Monday, October 24, 2011

Asia's next battleground: Water

NEW DELHI: It may seem odd to talk about it at a time when television screens are filled with scenes of the worst flooding that Bangkok has suffered in 50 years.
By Ravi Velloor, South Asia Bureau Chief

But a new book by a respected voice on Asian strategic affairs warns that a scarcity of water is set to become Asia's most defining crisis by the middle of the century, one with the potential to trigger major conflicts.

As Asia continues to live beyond its means where water is concerned, accentuating its scarcity, disputes and competition over bodies of water that cross the boundaries of various countries pose a greater threat to peace and stability in a continent already marked by festering territorial and resource disputes, Professor Brahma Chellaney says in the first such wide-ranging study on water and peace.


Access woes

ASIA has less fresh water per capita than any other continent. Bangladesh, Bhutan, India, the Maldives, Nepal, Pakistan and Sri Lanka account for more than 21 per cent of the world's population, yet make do with 8.3 per cent of global water resources.

China and India make up 37 per cent of the world's population, yet have access to less than 11 per cent of global water resources.

Asia's water efficiency and productivity levels are among the lowest in the world. Inefficient water practices are compounded by a rising consumer class that uses water-guzzling comforts such as washing machines while eating more meat, which is notoriously water intensive to produce.

Asia has 57 transnational river basins. China is the source of cross-border river flows to the most number of nations like Russia, India, Kazakhstan and Vietnam.


S'pore and water

SINGAPORE has consciously set itself the goal of becoming the hub of water technology for Asia, thanks to fears that Malaysia may one day cut off its water supply, says Professor Brahma Chellaney of New Delhi's Centre for Policy Research.

Besides expanding alternate sources of supply, by removing salt from sea water and building huge catchment reserves, it has pursued demand management through greater water productivity and efficiency.

By plugging system leaks and inefficiencies and raising the price of domestic water, it has managed to reduce household water use by about 10 per cent since the mid-1990s to about 155 litres per person a day this year, he notes.

Add to this the fact that people are using more water and Asia is expected to bear the greatest impact of global warming, and the region faces an incendiary situation.

'National reliance on oil can be reduced through other sources of energy,' Prof Chellaney says in Water: Asia's New Battleground. 'There is no such hope with water. Water has no substitute.'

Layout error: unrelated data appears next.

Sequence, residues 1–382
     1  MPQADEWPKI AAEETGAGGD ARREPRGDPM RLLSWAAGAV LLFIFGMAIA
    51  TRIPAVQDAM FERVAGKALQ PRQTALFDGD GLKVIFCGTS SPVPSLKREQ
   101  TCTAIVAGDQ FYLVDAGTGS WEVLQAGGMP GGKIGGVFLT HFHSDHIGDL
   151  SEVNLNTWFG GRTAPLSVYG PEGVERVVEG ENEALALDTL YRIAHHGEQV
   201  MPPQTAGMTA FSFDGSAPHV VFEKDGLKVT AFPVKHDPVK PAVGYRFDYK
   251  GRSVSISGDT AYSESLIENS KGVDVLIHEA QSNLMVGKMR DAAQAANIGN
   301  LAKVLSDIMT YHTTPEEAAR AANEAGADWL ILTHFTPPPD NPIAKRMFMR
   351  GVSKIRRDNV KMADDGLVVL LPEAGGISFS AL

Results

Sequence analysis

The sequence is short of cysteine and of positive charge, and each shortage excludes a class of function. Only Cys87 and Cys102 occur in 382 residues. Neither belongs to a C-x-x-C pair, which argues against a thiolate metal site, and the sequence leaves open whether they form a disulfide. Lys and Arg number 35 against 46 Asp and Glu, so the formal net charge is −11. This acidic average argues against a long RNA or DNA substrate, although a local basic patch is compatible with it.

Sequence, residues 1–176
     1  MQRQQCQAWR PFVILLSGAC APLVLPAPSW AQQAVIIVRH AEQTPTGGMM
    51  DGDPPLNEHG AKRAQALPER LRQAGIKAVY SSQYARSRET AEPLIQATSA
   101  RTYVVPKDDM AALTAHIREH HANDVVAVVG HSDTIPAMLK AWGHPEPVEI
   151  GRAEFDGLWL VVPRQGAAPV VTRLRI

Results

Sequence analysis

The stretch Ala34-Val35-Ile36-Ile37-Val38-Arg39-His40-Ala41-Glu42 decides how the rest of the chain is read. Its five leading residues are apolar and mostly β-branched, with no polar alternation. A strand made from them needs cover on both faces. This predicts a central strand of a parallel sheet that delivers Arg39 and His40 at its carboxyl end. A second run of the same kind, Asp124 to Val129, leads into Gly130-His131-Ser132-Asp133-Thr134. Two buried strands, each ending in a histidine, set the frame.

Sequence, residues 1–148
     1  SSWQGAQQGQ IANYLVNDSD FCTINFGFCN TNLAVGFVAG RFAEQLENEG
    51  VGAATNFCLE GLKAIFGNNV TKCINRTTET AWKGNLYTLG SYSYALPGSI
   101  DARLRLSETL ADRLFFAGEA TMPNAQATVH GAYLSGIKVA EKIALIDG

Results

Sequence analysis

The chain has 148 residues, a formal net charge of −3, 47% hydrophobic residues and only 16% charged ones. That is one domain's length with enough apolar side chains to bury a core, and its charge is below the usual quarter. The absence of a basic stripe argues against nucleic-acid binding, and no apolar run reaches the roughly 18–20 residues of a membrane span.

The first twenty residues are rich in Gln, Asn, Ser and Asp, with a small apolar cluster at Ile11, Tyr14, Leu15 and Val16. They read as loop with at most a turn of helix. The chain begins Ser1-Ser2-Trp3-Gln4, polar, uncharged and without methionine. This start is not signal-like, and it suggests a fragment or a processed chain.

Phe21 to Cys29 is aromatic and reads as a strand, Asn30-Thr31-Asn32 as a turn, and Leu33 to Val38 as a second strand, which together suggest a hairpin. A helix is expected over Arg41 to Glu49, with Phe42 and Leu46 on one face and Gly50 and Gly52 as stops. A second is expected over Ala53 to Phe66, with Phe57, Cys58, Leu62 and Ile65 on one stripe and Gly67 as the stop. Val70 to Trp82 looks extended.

Worries over water have begun to manifest in myriad ways across Asia.

Pakistan has sought international arbitration to stop India's run-of-the-river projects upstream on the Indus River, despite a treaty signed in 1960 that has survived even the worst lows in their bilateral ties.

India itself never fails to raise its concerns with China about its plans to build the world's biggest dam along the Brahmaputra River, which originates in Tibet and flows through India before reaching Bangladesh.

Indochinese states are warily watching China's massive river engineering plans to take moisture to its parched regions by diverting water from elsewhere.

In West Asia, some disputed or occupied territories such as the Golan Heights and the West Bank draw their strategic value as much for their water wealth as their advantageous location.

Prof Chellaney of New Delhi's Centre for Policy Research says the forestalling of water wars demands a cooperative Asian framework among river basin states, so that they work towards a common ownership of shared resources and share the benefits securely.

In this context, he points out, no country is more central to the issue than China, which has been noticeably cool on a multilateral approach to water, as, for instance, at the Mekong River Commission.

Smaller states, for this reason, fear that China may be following a strategy of 'divide and conquer'.

'No other country in the world matches China's position as a multi-directional, transboundary water provider,' says Prof Chellaney. 'Significantly, the important international rivers of China all originate in ethnic- minority homelands, some of which are racked by separatist movements.'

He says China's increasing assertiveness on such issues will prompt a number of regional actors to form a web of interlocking partnerships to act as a discreet check on its exercise of power.

'As the dispute over the South China Sea shows, this may actually bring other claimants together in opposition to Chinese policy and make them turn to the United States for security assurances,' he says.

That said, it will be impossible to turn the competition for water into cooperation without China's active support for sub-regional water sharing and cooperative-management mechanisms. But for that to happen, China will need to drop its allergy to terms such as 'internationally shared water resources' and for legally binding accords on water.

Prof Chellaney says: 'To cite one example, China needs to go from being a 'dialogue partner' to becoming a member of the Mekong River Commission, so that it can work with its (neighbours)... on a water management plan for the mutual benefit of all.'